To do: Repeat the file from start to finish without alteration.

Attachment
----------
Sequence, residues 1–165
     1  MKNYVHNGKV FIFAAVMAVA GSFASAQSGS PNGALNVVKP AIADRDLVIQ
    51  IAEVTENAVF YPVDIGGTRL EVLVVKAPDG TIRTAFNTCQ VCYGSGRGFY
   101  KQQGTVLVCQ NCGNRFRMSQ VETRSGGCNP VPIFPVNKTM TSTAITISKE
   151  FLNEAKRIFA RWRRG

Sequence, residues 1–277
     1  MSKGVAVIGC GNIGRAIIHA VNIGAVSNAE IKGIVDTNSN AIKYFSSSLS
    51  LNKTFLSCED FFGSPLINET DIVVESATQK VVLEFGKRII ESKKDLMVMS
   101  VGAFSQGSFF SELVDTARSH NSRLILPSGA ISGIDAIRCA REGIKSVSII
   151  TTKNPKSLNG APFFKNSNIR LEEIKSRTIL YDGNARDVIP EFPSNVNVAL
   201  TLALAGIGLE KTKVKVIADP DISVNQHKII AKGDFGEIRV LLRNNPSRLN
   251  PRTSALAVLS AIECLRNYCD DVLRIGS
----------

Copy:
Sequence, residues 1–165
     1  MKNYVHNGKV FIFAAVMAVA GSFASAQSGS PNGALNVVKP AIADRDLVIQ
    51  IAEVTENAVF YPVDIGGTRL EVLVVKAPDG TIRTAFNTCQ VCYGSGRGFY
   101  KQQGTVLVCQ NCGNRFRMSQ VETRSGGCNP VPIFPVNKTM TSTAITISKE
   151  FLNEAKRIFA RWRRG

Sequence, residues 1–277
     1  MSKGVAVIGC GNIGRAIIHA VNIGAVSNAE IKGIVDTNSN AIKYFSSSLS
    51  LNKTFLSCED FFGSPLINET DIVVESATQK VVLEFGKRII ESKKDLMVMS
   101  VGAFSQGSFF SELVDTARSH NSRLILPSGA ISGIDAIRCA REGIKSVSII
   151  TTKNPKSLNG APFFKNSNIR LEEIKSRTIL YDGNARDVIP EFPSNVNVAL
   201  TLALAGIGLE KTKVKVIADP DISVNQHKII AKGDFGEIRV LLRNNPSRLN
   251  PRTSALAVLS AIECLRNYCD DVLRIGS